The Godfather was officially born. Although Anthony Tolliver once described him as a big teddy bear off the court—he was all about having fun and joking around—the nickname was absolutely perfect. The theme music from The Godfather would play at Target Center after Pekovic made a layup or sunk one of his patented baby right hook shots. Let’s be honest, aside from free throws or transition dunks (gracias, Ricky!), this was how Pek scored. It’s also how he eventually secured a five-year, $60 million contract from Flip Saunders in 2013. He became one of the top centers in the league by getting buckets and keeping it simple.

Pekovic learned to stick to his strengths. Once he figured out how to play without fouling anyone who dared to come into his personal space (down to 2.8 fouls per 36 minutes in his sophomore season) he quickly became a wrecking ball in the paint, as well as one of the better rim running centers in the league; some people would joke the rim should be the one running away from Pek because ... well, it’s Pek.

That was one of the best parts of having Pek on the Wolves. He made people’s imaginations run wild. What if he and Michael Beasley lived together and had their own reality TV show? Does he wrestle with a bear in the woods in some desolate location as part of his offseason training program? Would he kill the bear and eat it for dinner just to show dominance? Could he actually be an ancient warrior that somehow teleported into present day because he was bored destroying his enemies on the battlefield? Pekovic was the league’s best fake nightclub bouncer and the baller anyone would least like to get in a street fight with. He was an alluring character that inspired plenty of fan fiction. According to Tim Allen, Pekovic was responsible for the extinction of dinosaurs!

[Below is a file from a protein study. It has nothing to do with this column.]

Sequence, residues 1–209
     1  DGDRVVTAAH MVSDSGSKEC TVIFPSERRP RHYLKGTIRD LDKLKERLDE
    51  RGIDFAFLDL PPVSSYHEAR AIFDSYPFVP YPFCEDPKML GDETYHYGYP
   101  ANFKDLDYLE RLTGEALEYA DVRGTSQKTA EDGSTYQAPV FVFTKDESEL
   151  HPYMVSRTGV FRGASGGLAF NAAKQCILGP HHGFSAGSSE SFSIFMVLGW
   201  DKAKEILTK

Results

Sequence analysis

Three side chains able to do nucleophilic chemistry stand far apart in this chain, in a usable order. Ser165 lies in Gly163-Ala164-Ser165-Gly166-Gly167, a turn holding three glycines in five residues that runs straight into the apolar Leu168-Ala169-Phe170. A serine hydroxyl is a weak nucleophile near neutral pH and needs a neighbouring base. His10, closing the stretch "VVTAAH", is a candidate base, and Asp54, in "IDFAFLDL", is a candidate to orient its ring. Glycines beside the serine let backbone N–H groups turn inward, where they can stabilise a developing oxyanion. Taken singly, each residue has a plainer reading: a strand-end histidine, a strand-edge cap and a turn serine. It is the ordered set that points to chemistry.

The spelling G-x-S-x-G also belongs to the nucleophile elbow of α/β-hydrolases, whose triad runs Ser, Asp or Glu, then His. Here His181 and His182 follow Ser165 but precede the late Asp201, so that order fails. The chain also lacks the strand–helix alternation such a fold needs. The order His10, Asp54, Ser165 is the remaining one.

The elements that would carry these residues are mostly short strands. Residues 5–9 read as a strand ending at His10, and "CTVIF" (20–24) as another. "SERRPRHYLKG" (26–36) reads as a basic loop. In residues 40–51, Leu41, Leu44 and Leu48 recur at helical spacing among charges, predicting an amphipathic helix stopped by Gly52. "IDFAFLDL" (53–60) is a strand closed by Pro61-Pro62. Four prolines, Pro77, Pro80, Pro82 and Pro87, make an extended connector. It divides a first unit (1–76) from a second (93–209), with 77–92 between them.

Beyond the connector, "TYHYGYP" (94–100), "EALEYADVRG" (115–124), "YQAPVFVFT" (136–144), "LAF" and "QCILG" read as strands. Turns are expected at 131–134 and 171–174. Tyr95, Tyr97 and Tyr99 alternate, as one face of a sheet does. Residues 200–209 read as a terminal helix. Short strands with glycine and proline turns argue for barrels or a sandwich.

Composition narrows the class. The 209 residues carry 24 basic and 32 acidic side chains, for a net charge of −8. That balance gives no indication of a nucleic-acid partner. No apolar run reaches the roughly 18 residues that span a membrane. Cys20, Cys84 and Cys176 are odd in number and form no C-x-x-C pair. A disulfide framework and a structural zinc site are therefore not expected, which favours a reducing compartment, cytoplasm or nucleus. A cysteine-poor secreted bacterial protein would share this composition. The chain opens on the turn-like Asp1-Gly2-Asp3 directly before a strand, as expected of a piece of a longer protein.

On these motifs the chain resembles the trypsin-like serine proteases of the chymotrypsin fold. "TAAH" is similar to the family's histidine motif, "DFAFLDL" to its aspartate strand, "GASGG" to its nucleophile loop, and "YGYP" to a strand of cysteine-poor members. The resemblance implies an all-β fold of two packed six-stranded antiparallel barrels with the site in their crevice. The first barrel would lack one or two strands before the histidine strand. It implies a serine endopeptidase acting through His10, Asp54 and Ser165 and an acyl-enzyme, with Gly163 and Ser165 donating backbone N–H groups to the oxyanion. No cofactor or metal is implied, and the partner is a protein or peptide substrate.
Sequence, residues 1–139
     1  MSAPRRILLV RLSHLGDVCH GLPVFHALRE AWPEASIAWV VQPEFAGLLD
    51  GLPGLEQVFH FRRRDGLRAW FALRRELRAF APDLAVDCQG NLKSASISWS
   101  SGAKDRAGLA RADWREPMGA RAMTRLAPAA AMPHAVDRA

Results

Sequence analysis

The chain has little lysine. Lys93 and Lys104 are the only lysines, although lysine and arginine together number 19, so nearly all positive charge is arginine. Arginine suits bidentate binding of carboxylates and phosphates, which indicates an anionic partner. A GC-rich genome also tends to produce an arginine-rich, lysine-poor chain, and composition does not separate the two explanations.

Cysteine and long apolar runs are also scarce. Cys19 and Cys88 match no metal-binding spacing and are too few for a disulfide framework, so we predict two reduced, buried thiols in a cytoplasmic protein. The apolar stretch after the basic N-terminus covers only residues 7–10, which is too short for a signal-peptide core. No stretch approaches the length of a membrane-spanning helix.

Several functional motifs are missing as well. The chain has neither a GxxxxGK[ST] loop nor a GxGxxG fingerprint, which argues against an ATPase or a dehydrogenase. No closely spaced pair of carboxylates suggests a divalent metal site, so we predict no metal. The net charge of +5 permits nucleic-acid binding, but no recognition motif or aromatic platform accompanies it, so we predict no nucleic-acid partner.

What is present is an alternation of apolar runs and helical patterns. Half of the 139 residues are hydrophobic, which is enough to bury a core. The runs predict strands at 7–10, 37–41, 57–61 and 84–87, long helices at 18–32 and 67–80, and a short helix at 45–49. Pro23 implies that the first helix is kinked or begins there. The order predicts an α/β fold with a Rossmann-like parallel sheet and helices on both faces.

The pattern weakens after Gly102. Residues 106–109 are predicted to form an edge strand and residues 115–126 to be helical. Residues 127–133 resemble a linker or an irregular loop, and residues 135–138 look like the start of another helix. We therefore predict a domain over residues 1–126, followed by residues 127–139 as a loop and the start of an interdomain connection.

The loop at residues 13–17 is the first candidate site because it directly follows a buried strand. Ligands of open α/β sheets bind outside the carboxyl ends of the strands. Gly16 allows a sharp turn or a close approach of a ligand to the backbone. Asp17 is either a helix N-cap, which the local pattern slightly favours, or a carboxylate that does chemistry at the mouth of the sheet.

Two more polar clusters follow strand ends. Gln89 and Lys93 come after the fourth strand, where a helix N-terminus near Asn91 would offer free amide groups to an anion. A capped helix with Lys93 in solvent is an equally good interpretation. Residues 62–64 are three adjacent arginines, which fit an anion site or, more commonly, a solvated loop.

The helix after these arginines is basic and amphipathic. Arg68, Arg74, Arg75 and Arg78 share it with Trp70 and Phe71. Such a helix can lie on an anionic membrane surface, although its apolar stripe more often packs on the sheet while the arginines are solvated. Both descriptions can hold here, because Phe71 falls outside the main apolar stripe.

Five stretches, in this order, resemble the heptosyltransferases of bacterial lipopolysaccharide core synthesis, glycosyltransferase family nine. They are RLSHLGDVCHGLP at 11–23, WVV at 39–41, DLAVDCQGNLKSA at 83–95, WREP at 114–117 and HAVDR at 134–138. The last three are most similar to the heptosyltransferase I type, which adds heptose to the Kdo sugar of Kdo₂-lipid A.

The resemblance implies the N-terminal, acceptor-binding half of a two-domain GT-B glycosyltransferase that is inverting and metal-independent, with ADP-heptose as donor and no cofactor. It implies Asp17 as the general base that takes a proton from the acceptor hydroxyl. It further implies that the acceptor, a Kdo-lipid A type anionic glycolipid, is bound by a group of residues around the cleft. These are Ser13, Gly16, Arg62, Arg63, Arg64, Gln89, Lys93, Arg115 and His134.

In time, another nickname arrived. The Bruise Brothers were created. Kevin Love and Pekovic formed a formidable, though certainly earthbound, frontcourt duo that pounded the paint, ate up the offensive glass, and left opposing bigs tired, beat up, and often frustrated after facing an interior onslaught on a nightly basis.